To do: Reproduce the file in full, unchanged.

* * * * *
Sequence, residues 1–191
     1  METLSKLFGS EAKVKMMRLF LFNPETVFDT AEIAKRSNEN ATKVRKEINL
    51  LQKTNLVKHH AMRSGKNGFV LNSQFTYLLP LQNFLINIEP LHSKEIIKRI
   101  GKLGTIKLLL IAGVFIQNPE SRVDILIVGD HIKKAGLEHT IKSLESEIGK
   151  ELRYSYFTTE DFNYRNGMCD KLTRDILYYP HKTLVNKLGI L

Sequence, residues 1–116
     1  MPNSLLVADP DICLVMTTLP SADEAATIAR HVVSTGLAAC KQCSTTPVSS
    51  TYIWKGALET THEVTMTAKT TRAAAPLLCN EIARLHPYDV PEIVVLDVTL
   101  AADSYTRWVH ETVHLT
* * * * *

Sequence, residues 1–191
     1  METLSKLFGS EAKVKMMRLF LFNPETVFDT AEIAKRSNEN ATKVRKEINL
    51  LQKTNLVKHH AMRSGKNGFV LNSQFTYLLP LQNFLINIEP LHSKEIIKRI
   101  GKLGTIKLLL IAGVFIQNPE SRVDILIVGD HIKKAGLEHT IKSLESEIGK
   151  ELRYSYFTTE DFNYRNGMCD KLTRDILYYP HKTLVNKLGI L

Sequence, residues 1–116
     1  MPNSLLVADP DICLVMTTLP SADEAATIAR HVVSTGLAAC KQCSTTPVSS
    51  TYIWKGALET THEVTMTAKT TRAAAPLLCN EIARLHPYDV PEIVVLDVTL
   101  AADSYTRWVH ETVHLT